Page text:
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USGA publishes changes to Rules of Golf for 2019

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The USGA and R&A have this week published golf’s new rule book, which will take effect on Jan. 1, 2019. The modernized Rules of Golf features over 30 changes in all, and it is said to be the most significant change to the rules in more than 60 years.

The changes to the rules will see the reduction of several penalties, looser putting green and bunker rules, and regulations that encourage improved pace of play.

According to Thomas Pagel, senior managing director, Governance for the USGA, the aim is to make the rules easier to comprehend and to improve the future of the game

“From the project’s inception, our one goal was to make the Rules easier to understand and apply for all golfers. It sets a new standard in the way we write and interpret the Rules and is central to our efforts to ensure a healthy future for golf.”

Among the significant changes that will come into effect in the new year

  • Penalty drops will now be made from knee height, rather than shoulder height
  • No penalty for an accidental double hit
  • No penalty for accidentally moving your ball or ball-marker on the putting green
  • No penalty for accidentally moving your ball during search.
  • Your ball is lost if not found in three minutes (rather than the current 5 minutes)

David Rickman, the executive director, Governance at The R&A, spoke today about his excitement to the modernized rules change that could see the sport become far more accessible

“We are delighted to be rolling out the modernized Rules of Golf today. This is the biggest set of changes to the Rules in a generation and a major step forward in our efforts to make the Rules, and the sport itself, more accessible and more in tune with the way the modern sport is played.” 

Both Dustin Johnson and Lexi Thompson suffered high profile penalties in the final round of major championships recently. Under the new rules change, neither incident that they sustained penalties for will be deemed a breach after the new rules go into effect.

The entire list of changes to the rules that will take effect Jan. 1, 2019, is available here.

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Gianni is a freelance writer. He holds a Bachelor of Arts as well as a Diploma in Sports Journalism. He can be contacted at gmagliocco@outlook.com. Follow him on Twitter @giancarlomag

8 Comments

8 Comments

  1. Shifty

    Sep 13, 2018 at 7:10 am

    “rules change that could see the sport become far more accessible” – how so?

  2. pr

    Sep 13, 2018 at 2:28 am

    I don’t like the fact that you can now touch the ground in a hazard area. That should never be allowed. Hazards are called that for a reason, they aren’t supposed to be perfectly manicured million dollar country club relief areas.

  3. Steven

    Sep 13, 2018 at 12:48 am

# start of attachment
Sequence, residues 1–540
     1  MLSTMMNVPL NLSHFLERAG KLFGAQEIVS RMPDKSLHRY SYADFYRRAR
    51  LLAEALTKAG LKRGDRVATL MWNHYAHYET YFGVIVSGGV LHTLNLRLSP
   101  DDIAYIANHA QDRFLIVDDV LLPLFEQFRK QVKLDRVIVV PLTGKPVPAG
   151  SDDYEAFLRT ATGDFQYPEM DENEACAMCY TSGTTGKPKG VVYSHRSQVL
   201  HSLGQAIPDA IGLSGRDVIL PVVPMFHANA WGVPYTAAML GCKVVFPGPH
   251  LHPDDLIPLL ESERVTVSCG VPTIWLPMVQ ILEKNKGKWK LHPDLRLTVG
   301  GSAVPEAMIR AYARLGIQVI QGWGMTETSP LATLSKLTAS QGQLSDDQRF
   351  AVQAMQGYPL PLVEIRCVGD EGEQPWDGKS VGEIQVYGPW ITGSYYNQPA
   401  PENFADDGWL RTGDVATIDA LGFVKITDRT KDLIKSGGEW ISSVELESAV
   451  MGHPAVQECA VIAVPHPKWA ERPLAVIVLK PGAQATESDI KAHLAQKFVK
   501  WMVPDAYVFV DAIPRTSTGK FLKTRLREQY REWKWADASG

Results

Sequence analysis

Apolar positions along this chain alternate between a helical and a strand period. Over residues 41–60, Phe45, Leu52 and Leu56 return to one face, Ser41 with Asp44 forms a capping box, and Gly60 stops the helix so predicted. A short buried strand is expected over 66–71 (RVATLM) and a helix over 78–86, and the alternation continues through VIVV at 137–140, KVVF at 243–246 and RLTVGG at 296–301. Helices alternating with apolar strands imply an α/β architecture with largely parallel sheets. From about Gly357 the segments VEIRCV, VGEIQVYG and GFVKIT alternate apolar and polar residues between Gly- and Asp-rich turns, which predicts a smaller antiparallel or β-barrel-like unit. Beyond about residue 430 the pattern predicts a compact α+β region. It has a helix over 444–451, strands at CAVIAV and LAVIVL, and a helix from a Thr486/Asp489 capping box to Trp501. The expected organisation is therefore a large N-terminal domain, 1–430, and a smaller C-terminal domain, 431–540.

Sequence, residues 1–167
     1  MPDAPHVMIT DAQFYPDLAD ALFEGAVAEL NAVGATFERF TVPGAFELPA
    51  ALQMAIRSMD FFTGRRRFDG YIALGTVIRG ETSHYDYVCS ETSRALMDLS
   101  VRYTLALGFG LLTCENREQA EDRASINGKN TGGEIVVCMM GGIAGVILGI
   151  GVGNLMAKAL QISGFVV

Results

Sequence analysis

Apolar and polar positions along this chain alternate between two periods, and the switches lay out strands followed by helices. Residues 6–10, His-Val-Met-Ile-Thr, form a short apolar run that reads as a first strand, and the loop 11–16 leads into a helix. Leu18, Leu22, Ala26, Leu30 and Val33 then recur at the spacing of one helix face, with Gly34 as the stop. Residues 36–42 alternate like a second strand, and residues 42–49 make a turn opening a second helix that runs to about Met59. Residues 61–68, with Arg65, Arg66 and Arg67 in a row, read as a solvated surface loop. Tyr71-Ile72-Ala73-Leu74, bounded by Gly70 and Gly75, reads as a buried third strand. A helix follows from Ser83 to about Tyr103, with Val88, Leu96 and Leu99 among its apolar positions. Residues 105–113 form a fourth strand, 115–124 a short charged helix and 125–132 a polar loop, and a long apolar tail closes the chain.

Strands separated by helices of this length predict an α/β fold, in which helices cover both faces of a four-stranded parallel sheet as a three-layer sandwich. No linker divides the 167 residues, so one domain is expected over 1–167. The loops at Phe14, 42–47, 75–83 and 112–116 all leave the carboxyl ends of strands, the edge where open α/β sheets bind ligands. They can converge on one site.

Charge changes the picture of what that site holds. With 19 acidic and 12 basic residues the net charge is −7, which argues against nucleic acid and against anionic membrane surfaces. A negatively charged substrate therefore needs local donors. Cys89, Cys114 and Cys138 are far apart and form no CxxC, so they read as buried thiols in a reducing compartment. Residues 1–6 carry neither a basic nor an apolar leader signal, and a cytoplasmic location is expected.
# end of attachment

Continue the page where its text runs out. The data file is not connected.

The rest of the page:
Changes are coming! Not sure if this is allowed but we made a bag tag to help everyone with the rule changes. Would appreciate any support!
    https://www.kickstarter.com/projects/1641149418/quickstarter-rules-caddy-2019-simplify-the-rules-o?ref=user_menu

  4. Rick

    Sep 13, 2018 at 12:37 am

    Lexi put her ball down an inch from the ball marker… that was the problem. How’s that solved here?

  5. Wayne Johnson

    Sep 12, 2018 at 10:57 pm

    Great changes but removing a ball from a Divot in the fairway should have been included. Hitting a good drive in the fairway should not be penalized by having to play out of someone’s divot.

    • Sean

      Sep 12, 2018 at 11:21 pm

      Don’t fool yourself mate. These changes are not about improving the game. There about speeding up the game so more revenue can be generated.

      • C

        Sep 13, 2018 at 7:56 am

        How are any of the top four bulleted rules about speeding up play?

    • Mike

      Sep 13, 2018 at 11:45 am

      I wholeheartedly agree with this sentiment, but I see big challenge in rulings. What is a divot? Certain depth/width? How old can the divot be? If it was taken 2 months ago, but there is still a trace amount of sand left from being filled, can I take relief? I don’t have a solution, but I think this is whats holding this back.

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McIlroy snaps back at McGinley criticism: “Next year, I’m looking out for me”

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Earlier this week, Rory McIlroy suggested that he would leave the European Tour in 2019 which produced criticism from Irish golfer and analyst Paul McGinley, who called the decision “extraordinary” and “hard to understand.”

McIlroy, who is currently in action at the DP World Tour Championship in Dubai, indicated before the event that he would only play in two “pure” European Tour events next year. When told about McGinley’s negative reaction to the news on Thursday, McIlroy hit back in unrepentant style. The 29-year-old defiantly expressed how 2019 will be the year he puts himself first in a bid to end a major drought dating back to 2014, while also suggesting that just like himself, McGinley has his own interests in mind.

“McGinley is on the European Tour board. He’s involved and he has to protect what he has, and I get it. Everyone has to do what’s best for them and for me next year I’m trying to do what’s best for me to help get back to the best player in the world and try to win majors again.”

Should McIlroy decide not to renew his European Tour membership for 2019, he would be unable to captain his continent in future Ryder Cup’s, due to a European Tour rule introduced last year. When asked about his thoughts on that particular issue, McIlroy appeared to show no concern, bluntly replying: “It’s 20 years away”.

McIlroy confirmed that he had met with European Tour chief executive Keith Pelley in South Africa last week to brief him on his plans for 2019. But while the move to quit the European Tour looks increasingly likely, McIlroy was not ready to drop any bombshells in Dubai, and even poked fun at the controversy, stating

“Geez, I’d cause all the stirs in the world if I go back to winning majors. Next year I am looking out for me. At the same time, I don’t have to make a decision on it. I didn’t say it was a definite. It is up in the air. We’ll see how it goes.”

McIlroy has until next May to decide whether or not to renew his European Tour membership for 2019.

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GolfWRX Morning 9: McIlroy: Looking out for No. 1 | Ogilvy: Aus. Open is “second class” | Hole-in-one: yardage unknown